First we inserted the Jamshidi needles under fluoroscopy through the pedicles to the vertebral body. We then inserted the cannulas for the kyphoplasty system bilaterally and obtained transpedicular biopsies, which were sent for histopathology.
At this point, we inserted the balloon on the patient’s right side and inflated it with contrast up to approximately 380 mmHg and this was checked constantly under both AP and lateral fluoroscopy simultaneously. We inflated the balloon to approximately 2 mL maintaining the pressure and to ensure that we remained within the confines of the vertebral body with the balloon inflation.
We did this then on the left side as well. The balloons were then deflated and removed and cement was introduced in a semi-liquid state, first on the right side, and then on the left side. Approximately 4 mL of cement was introduced from the right side and approximately 1.5 mL of cement was introduced from the left side.
There was an alarming amount of fracture at this level and the cement was maintained posterior to the anterior border of the vertebral body and anterior to the posterior border of the vertebral body. There was a small amount of extravasation of cement into the superior and inferior endplates.
At this point, given the location of the fracture and the severity, we then moved to finish our instrumented fusion from T5 to T7. The pedicles of T6 were cannulated by using the high-speed drill to create a starting point and then we used the pedicle gearshift under fluoroscopy to enter the pedicles.
Using anatomic trajectories, we then tapped these pedicles to start and inserted 4.5 x 30 mm pedicle screws on both sides. We confirmed our trajectories using fluoroscopy and triggered EMG. We did the same thing for both the T5 and T7 pedicles probing them using Lenke gearshifts and under fluoroscopy after creating our pilot hole with normal anatomical starting points with the high-speed drill. We inserted 5.5 x 40 mm screws under direct fluoroscopy at the T5 and T7 levels and then applied 5.5 x 65 mm rods, which were secured with caps screws and locked into position.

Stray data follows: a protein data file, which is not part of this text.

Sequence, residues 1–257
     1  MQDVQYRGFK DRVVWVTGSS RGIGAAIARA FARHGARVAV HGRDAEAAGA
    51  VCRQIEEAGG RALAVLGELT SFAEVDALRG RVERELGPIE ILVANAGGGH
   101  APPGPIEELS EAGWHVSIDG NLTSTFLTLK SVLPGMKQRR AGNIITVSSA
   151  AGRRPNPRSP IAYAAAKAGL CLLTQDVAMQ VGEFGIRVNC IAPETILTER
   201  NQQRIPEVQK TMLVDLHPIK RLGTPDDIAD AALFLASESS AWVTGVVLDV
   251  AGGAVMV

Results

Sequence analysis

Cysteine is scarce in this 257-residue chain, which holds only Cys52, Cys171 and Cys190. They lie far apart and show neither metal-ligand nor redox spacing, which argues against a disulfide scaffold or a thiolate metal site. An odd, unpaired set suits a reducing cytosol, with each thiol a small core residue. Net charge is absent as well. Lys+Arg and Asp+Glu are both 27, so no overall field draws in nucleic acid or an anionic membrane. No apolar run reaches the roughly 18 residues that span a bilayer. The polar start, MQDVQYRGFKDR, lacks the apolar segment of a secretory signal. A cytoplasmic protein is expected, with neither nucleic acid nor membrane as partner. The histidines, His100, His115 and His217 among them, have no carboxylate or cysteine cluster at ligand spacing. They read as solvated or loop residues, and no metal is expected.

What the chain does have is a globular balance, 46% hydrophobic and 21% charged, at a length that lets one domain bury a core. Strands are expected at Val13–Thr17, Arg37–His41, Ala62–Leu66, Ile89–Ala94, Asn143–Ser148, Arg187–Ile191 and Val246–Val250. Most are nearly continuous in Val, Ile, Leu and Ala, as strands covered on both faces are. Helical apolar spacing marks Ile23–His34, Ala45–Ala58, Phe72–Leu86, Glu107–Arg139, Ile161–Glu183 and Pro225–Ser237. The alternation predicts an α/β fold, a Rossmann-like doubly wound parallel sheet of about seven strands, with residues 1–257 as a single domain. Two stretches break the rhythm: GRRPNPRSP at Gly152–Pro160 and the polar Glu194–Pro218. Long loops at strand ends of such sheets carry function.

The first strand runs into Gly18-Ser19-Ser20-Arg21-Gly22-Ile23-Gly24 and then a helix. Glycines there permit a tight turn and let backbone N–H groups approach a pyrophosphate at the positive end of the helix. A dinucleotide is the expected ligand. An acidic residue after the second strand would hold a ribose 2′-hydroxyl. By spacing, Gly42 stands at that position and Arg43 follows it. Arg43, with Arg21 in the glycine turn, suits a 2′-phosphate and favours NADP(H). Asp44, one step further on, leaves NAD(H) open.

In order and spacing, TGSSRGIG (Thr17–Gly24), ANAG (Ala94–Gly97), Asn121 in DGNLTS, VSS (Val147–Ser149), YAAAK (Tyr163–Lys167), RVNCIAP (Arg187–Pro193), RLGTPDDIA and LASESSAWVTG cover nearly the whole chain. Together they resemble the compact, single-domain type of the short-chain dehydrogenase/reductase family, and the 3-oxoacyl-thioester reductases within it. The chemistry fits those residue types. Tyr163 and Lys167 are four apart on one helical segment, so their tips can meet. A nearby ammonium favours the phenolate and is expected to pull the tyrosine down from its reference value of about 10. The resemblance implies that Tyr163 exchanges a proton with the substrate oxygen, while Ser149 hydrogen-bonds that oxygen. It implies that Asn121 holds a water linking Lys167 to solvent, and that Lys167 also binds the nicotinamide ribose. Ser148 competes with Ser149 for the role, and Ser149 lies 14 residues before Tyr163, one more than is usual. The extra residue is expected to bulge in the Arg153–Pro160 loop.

All six screws were stimulated using trigger EMGs and found to be in a safe position. We then obtained both the final AP and lateral x-rays to ensure the proper positioning of the screws. The wound was washed out copiously with bacitracin irrigation and then the high-speed drill was used to decorticate the bone and the bone chips obtained were then gathered, morselized, and used for autograft.
We also applied cancellous chips and DBX mix to create the posterior fusion mass from T5 to T7. We applied a small amount of vancomycin powder and then closed the wound in layers using #0 Vicryl sutures in the muscle. We created fascial advancement flaps over this region as it was the apex of the curve and to decrease tension on the wound.
The fascia was closed tightly with #0 Vicryl sutures and 2-0 Vicryl sutures were then used in the subcutaneous tissue followed by Monocryl at the level of the skin in a subcuticular fashion. The incision measured approximately 8.5 cm and it was dressed with Steri-Strips and an island dressing. No drains were applied. The patient was turned supine on to his stretcher and extubated without any issues. Neuromonitoring signals stayed stable throughout the case and all counts were correct at this end of the case.
Disclaimer – Patient’s name, age, sex, dates, events have been changed or modified to protect patient privacy.
My name is Dr. Suhirad Khokhar, and am an orthopaedic surgeon. I completed my MBBS (Bachelor of Medicine & Bachelor of Surgery) at Govt. Medical College, Patiala, India.
I specialize in musculoskeletal disorders and their management, and have personally approved of and written this content.